Describe yourself in 3 words.

Focused, competitive, hard working.

If you were to buy a business jet, which aircraft would suit your needs and why?

Come on, why only one? The only sure thing is that I’d want a Pilatus PC12. This amazing flying “Swiss army knife” will get me into the grass strip around the corner and will certainly be something I’d likely have fun flying myself. It would also be ideal to have for the kids as their little European “run about”.  That would have me covered for trips up to 400 miles or so from home base.

For longer trips the selection is really large.  I like the big cabin of a Gulfstream 650 or would I wait for the Global 7000? Or what about the Falcons? I confess I was always drawn to the three engine beauties with their efficiency and good looks, not to mention you get to play with three power levers. I do think a Falcon 8X would be quite nice… or a Global of course is a true thoroughbred, be it a 5000 or a 6000 which are available now. Then there are the biz liners, 50 friends in an Airbus 330 sounds good to me. There are too many good choices.

What stands out to you as good customer service?

Do you know why we have two ears and only one mouth? It is to listen twice as much than we talk. I believe in listening to what the customer has to say and acting accordingly. The only way to satisfy someone’s expectations is to first understand what their expectations are. Once you have understood, and confirmed that what you have understood is indeed correct, then you can act. There is a fine line to walk between under-promising and over-promising. We always want to be aware of what we are capable of so that we can accurately relay that to the customer.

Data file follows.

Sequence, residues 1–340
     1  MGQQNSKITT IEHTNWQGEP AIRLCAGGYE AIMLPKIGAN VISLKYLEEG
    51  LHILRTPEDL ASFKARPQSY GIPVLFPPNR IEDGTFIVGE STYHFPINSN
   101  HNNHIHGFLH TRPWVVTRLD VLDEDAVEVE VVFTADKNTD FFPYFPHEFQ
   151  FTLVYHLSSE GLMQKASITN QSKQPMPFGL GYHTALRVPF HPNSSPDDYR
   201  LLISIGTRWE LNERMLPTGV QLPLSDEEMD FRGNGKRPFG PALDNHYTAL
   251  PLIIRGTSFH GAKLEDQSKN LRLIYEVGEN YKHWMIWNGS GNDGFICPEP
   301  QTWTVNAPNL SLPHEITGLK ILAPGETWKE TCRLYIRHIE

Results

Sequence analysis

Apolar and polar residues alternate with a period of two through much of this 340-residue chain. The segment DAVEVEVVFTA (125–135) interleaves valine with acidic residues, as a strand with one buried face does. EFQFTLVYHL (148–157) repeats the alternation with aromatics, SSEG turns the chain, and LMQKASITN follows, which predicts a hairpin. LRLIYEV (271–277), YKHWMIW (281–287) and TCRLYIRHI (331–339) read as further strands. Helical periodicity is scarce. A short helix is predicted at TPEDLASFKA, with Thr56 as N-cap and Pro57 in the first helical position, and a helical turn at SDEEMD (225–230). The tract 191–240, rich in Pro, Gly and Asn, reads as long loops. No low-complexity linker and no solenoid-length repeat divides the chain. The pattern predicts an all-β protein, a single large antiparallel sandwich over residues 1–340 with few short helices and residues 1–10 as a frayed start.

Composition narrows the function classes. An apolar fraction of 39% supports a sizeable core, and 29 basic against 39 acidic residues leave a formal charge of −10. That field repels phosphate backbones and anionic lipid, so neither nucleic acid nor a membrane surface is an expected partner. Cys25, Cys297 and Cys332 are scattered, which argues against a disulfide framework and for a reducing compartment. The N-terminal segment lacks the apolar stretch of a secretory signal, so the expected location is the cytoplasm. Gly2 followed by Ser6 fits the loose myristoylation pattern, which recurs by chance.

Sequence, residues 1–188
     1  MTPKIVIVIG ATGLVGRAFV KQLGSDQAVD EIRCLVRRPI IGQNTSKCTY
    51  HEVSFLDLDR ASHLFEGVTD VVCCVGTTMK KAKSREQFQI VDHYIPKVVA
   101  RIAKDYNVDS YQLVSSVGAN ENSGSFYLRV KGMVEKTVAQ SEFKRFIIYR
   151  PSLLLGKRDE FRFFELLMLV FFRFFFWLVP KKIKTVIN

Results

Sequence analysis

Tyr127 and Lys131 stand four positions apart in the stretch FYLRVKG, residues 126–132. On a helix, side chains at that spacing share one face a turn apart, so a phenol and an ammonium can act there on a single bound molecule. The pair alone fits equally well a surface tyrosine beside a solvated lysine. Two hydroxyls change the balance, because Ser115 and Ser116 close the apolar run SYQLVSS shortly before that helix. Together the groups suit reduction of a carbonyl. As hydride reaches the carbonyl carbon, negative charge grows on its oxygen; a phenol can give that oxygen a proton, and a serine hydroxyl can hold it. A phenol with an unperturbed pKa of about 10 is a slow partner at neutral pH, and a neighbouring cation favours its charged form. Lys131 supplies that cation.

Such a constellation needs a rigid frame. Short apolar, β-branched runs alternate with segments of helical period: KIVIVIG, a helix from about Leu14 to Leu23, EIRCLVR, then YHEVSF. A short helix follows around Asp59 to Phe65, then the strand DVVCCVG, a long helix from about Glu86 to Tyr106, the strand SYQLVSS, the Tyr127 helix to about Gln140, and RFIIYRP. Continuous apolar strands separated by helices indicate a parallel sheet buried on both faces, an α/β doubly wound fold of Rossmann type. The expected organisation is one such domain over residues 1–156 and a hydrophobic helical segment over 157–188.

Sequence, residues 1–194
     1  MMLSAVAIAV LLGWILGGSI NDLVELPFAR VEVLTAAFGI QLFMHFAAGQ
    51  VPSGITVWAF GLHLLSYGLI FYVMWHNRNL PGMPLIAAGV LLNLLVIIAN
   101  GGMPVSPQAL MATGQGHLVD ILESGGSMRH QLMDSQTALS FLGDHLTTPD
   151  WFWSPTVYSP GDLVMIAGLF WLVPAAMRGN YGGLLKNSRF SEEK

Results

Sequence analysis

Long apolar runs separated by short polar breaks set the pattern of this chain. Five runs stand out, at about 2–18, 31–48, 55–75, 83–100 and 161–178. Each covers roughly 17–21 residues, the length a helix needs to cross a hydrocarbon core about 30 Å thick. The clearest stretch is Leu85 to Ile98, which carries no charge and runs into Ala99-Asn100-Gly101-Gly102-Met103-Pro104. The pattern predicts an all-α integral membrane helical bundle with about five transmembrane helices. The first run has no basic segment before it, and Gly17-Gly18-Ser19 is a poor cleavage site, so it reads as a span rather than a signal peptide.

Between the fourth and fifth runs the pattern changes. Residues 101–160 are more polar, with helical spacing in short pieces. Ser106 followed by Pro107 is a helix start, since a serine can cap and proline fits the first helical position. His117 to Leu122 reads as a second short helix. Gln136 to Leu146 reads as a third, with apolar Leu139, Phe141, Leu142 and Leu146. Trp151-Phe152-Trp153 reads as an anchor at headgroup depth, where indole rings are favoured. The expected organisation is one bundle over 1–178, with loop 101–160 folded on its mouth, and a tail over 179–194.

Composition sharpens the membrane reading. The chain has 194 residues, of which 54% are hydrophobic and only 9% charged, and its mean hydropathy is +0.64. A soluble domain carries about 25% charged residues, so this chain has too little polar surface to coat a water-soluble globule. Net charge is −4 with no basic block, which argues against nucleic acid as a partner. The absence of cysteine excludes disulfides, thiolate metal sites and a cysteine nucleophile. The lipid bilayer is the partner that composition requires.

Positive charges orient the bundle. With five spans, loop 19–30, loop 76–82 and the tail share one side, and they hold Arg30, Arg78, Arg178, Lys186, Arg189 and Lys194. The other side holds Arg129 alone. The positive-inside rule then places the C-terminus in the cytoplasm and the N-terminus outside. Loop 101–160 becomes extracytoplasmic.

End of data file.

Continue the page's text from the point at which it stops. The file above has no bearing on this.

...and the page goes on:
8584 300x200 JSFinally, what is your hidden talent or hobby?

My hobby may sound a bit strange to the non-initiated. It involves driving very uncomfortable racing cars as fast as I can during several days in a row. The races are on small mountain roads that can occasionally be covered with ice, snow, gravel or a mix of all three. It is called rallying. I wanted to become world champion but sadly the job was already taken at the time. I could never really stop and let it go, it is a true addiction I have. I just love the rush I get, it’s something I can’t find in any other activity. All in it is a team of about 7 people that has to produce a coordinated effort to get the car ready and maintain it on the road to the end of the race. Every year I participate in a few rallies. For the past three years, I have been competing in the historic category. In case you wonder, the term “historic” refers to the car, not the driver. My current car is a 1973 Ford Escort RS 2000. The engine is a Cosworth BDA 2 liters, 16 valves, normally aspirated, that will take 8’500 RPM.

Steve McQueen once said “racing is life, anything before or after is just waiting”.  He might have gone slightly over the top saying so as I also get a kick out of spending some nice time with the family. But let me tell you, nothing comes close to the sound of that engine on a rainy night when flying down one of these Swiss mountain passes, nothing!

Header Photo: Pascal with his youngest son Alexandre in his car a few years back.